Ironbound Hard Cider Shows Its Six Packs

In the craft beverage world the onset of fall means a barrage of all things pumpkin. I’m not a pumpkin hater per se, but there must be another way to celebrate the autumnal equinox.

There is. It’s cider. How about cider from a region that, historically, is one of the best cider producers in the world? I’m talking, of course, about Newark, New Jersey.

Ironbound Hard Ciderironbound_production-006-of-120, one of the state’s newest cider works, located in rural Asbury (more on Newark later), just started turning out canned six packs of hard cider. It’s a fairly complex drink whose flavor profile lands directly between the bone dry artisan style and the sweet, mass produced, juice concentrate alco-pop variety. It’s sharp enough to refresh the palate when you’re eating rich fatty foods like barbecue or grilled sausage, but sweet enough for a light salad or Asian-style fare. If you’re curious about cider, Ironbound is a good place to start. There’s enough going here to please a wide audience and that burst of apple on the nose is inviting indeed.

Appealing to the masses is just what owner Charles Rosen, who also owns the adjacent New Ark Farms, is looking to do. “We want to be the Boston Lager of cider,” he told me during my recent visit. In case you didn’t know, Boston Lager is the flagship brand of Boston Beer Company, whose founder, Jim Koch, was a pioneer who helped change the way people thought about beer back in the days of only bland, light, American lagers. There is great irony in Rosen’s statement. His product is a direct response to the Angry Orchard brand cider which just happens to be owned by that same Boston Beer Company. While Angry Orchard may be made from overseas juice concentrate, Ironbound certainly is not. It’s all fresh juice.


Charles Rosen

Challenging such a large producer might seem like a weighty gauntlet to toss but Rosen has been around the block. He was a partner in an advertising agency that helped roll out New Belgium’s iconic Fat Tire Amber Ale as well as Mike’s Hard Lemonade. Ironbound isn’t going to compromise on ingredients though. Cameron Stark, Ironbound’s cider maker, creates the flavor profile with fresh juice from Pennsylvania and New Hampshire. Both Stark and Rosen are passionate about local sourcing. Our two-hour conversation was peppered with terms such as “regenerative agriculture” and “healing the land.” Charles Rosen is out to prove that responsible, regenerative farming can be part of a viable and profitable business model.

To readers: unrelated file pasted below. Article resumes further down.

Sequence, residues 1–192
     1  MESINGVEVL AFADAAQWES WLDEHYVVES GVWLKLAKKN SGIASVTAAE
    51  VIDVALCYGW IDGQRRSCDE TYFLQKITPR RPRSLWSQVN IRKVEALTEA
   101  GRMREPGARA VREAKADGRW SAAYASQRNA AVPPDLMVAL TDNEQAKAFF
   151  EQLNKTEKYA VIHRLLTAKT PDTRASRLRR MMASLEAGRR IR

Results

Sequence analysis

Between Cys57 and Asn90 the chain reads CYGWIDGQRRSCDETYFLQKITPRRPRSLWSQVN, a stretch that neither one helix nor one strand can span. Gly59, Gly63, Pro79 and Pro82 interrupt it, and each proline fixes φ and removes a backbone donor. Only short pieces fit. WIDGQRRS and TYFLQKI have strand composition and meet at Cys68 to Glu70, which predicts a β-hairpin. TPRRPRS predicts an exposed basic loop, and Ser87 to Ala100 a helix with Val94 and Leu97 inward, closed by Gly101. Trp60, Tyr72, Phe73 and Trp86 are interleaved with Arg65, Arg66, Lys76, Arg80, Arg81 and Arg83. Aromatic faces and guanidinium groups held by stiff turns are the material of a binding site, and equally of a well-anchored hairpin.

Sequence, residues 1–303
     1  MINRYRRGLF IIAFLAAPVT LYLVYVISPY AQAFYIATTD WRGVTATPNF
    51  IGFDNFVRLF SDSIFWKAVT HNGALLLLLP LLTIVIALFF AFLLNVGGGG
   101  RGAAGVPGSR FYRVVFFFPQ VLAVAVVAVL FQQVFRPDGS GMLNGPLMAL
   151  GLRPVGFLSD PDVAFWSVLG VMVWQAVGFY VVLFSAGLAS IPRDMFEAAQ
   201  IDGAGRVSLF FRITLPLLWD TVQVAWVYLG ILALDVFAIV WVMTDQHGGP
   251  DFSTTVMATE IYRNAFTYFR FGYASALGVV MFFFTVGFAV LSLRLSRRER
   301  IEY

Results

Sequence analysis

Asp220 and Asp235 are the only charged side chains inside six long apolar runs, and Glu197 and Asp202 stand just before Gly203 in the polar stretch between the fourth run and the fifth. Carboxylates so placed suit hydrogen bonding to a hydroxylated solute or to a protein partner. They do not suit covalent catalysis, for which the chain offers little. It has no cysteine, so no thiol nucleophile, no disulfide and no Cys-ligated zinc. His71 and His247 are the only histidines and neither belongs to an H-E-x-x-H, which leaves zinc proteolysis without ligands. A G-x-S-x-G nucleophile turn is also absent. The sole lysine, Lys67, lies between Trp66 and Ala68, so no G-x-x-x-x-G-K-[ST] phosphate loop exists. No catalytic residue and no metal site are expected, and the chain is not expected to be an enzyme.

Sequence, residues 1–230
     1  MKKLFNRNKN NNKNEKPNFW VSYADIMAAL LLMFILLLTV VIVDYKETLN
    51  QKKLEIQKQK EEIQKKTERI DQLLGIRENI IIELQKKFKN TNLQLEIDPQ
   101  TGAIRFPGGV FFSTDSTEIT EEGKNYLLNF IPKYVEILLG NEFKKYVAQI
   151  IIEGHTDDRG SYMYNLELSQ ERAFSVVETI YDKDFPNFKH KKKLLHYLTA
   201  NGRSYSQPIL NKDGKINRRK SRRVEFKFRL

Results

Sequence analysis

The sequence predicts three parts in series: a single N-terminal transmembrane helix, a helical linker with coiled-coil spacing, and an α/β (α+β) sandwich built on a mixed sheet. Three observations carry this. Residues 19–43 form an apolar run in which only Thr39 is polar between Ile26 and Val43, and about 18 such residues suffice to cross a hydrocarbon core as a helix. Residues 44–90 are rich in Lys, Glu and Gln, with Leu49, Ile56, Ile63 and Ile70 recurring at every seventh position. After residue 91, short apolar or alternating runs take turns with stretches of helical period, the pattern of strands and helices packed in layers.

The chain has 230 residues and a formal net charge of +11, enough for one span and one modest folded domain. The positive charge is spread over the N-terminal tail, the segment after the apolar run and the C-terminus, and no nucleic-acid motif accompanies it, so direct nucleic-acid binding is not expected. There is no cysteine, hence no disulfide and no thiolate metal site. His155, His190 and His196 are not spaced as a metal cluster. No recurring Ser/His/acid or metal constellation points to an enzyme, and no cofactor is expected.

As Rosen describes it, Ironbound Cider is “what we call accessible craft” and is the key to proving that theory. His adjacent farm, New Ark, is the other lynch pin. Eventually its orchard will produce some, though not all, of the juice needed for the cider works. He will also cultivate other area growers by providing trees to them, for free, and then buy the juice that they make at fair prices.

ironbound_production-047-of-120Which brings us to Newark. Before the Industrial Revolution, when Newark became one of the largest beer brewing centers in the country, the area had been renowned for its orchards and world class cider. Dubbed the “Champagne of Ciders,” it was often passed off as such by unscrupulous merchants. The heart of Newark’s cider juggernaut was the Harrison apple. Like the area orchards themselves, it all but disappeared. It also became Charles Rosen’s inspiration to revive the glory days of Jersey cider. Following a suggestion from Newark Sustainability Officer Stephanie Greenwood, Rosen employed an apple detective—who knew that was a thing?—and tracked down some trees in Virginia that were being cultivated with cuttings taken from perhaps the last known Harrison apple tree.

Rosen reunited some of those cuttings with their home state and now has about 7,000 of the 18th century heirloom trees growing on New Ark Farms. To complete the story, the farm employs Newark kids who are getting the opportunity to learn a trade while actually keeping the operation running. They can then bring those skills back to the city and start a new cycle.

There’s a lot more than just bright, sparkling hard cider in every can of Ironbound. There’s history, renewal, and hope.

Click here for a list of where to find Ironbound.

Ironbound Hard Cider / Jersey Cider Works